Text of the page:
This article is to help bring awareness to some of the digital currency-related scams you may come across. Digital currency transactions are irreversible, if you send digital currency to someone there is no way to undo the payment. In this way, sending digital currency is similar to handing cash to a stranger in public, then walking away.

With this in mind, it’s important to have an idea of who you are dealing with prior to sending funds to anybody. 

Warning: There is no way for us to help you recover lost funds.


  • Never give support staff (or anyone else for that matter) remote access to your machine
  • Never give out your login password or two-factor authentication (2FA) codes or secret key, this is not something we would ever ask for, or expect you to provide.
  • Never allow a friend to tell you how to answer questions we ask. If somebody is doing this, it is a sign you are about to lose money.
  • Do not send money to people you only know online. Online "friendships" are actually anonymous relationships. There is no way to know if the person you are communicating with is actually who they say they are. If you have never met the other individual in-person, (online does not count as in-person) do not send them money.
  • Double check that the support channel you are using is legitimate prior to sending funds.
  • Search for publicly verifiable reviews or articles involving the recipient.
  • Copy/paste links you receive in email rather than clicking on them. Often times an attacker will have a hidden link or redirect even though it shows as ‘’
  • Watch for grammatical errors in email or on websites. Scammers rarely take the time to proofread properly.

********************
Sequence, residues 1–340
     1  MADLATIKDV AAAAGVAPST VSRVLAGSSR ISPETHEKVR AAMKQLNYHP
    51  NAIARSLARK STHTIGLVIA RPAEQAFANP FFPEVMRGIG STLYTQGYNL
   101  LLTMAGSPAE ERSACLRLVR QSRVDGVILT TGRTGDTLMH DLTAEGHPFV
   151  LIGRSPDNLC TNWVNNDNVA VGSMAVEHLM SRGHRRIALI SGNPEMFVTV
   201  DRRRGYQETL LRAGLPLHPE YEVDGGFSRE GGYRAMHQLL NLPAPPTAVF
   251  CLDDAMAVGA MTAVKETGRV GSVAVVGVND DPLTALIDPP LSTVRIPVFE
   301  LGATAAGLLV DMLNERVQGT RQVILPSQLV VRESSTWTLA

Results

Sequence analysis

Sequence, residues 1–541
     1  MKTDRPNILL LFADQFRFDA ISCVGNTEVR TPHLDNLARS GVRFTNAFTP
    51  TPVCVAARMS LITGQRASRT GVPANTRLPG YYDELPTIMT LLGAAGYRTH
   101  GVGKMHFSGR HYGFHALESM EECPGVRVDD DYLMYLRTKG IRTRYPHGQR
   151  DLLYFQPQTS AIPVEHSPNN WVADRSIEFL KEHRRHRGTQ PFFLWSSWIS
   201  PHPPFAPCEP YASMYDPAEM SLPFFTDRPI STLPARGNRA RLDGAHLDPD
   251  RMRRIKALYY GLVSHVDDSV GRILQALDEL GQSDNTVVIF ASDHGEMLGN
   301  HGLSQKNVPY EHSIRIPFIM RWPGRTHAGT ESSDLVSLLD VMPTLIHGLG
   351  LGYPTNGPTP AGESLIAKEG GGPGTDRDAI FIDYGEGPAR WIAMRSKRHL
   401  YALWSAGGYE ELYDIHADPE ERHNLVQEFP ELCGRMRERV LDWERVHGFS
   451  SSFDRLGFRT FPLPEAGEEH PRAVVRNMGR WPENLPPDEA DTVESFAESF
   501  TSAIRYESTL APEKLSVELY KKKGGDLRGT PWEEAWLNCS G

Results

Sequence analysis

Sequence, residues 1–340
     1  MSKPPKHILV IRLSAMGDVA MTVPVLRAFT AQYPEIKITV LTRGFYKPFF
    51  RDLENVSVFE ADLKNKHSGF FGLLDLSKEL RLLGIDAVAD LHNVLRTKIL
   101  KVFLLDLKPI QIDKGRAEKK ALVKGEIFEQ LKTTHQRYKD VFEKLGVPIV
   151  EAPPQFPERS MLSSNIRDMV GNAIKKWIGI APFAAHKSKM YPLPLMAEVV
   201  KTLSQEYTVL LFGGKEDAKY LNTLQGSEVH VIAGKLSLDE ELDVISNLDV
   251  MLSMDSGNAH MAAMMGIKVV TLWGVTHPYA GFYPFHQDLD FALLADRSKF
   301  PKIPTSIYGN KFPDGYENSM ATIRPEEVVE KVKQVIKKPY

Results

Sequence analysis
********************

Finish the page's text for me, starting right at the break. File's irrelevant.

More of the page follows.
• Watch out for emails saying an individual has sent you money, when in fact the links in the message will open a payment window. If you aren’t careful it’s easy to send money from your account.
  • CoinZoom will never ask you for your password. 
  • Be careful when opening any attachments included in an email as they could be malicious. 
  • You should also be careful of emails from people you know. Their email may have been compromised and could contain malicious content. 
  • Always keep your computer’s operating system up to date.
  • Do regular scans using antivirus software. Scammers will often use malware to directly target individuals.
  • Let us know if you notice anything unusual so we can take appropriate action.

Warning Signs

  • Emails that appear to be from CoinZoom but are in fact slightly different in spelling. Example:,, etc. Notice the slight difference in the names, CoinZoom with a lowercase ‘ L ‘ in place of the ‘ i ’. CoinZoom spelled with an ‘ M ‘. 
  • Cloned websites that look identical to the CoinZoom website. Look at the website address. Our only official websites have a domain of (eg:, other website address is not owned by CoinZoom. 
  • Services or websites promising unusually high returns or other unrealistic investment opportunities. If it sounds too good to be true, it usually is.
  • Phishing sites can come in many forms, refer to the following article for more on this topic: Reporting Phishing Sites

Other Notes

In some cases, scammers will even have an active support channel for a brief time before they close off contact and disappear with all the funds they can get. As a general precaution, limit your contact with new or relatively unknown people or organizations until further research.

Warning: Some people develop friendships online, but never meet the individual in person. Over time the "friend" may ask for financial or account information. Never share it with them. This happens in Romance Scams (see below) and millions of dollars are lost each year in these schemes. 

Related Articles

Tips to Enhance Security for Your CoinZoom Account

Video: Fraud and scam tactics (FBI)

Retiree and Romance Scams (FBI)

Cryptocurrency Investment Scams (FTC)

Internet safety: Guide to keep your information safe online (AllConnect)

People are losing more money to scammers than ever before (Associated Press)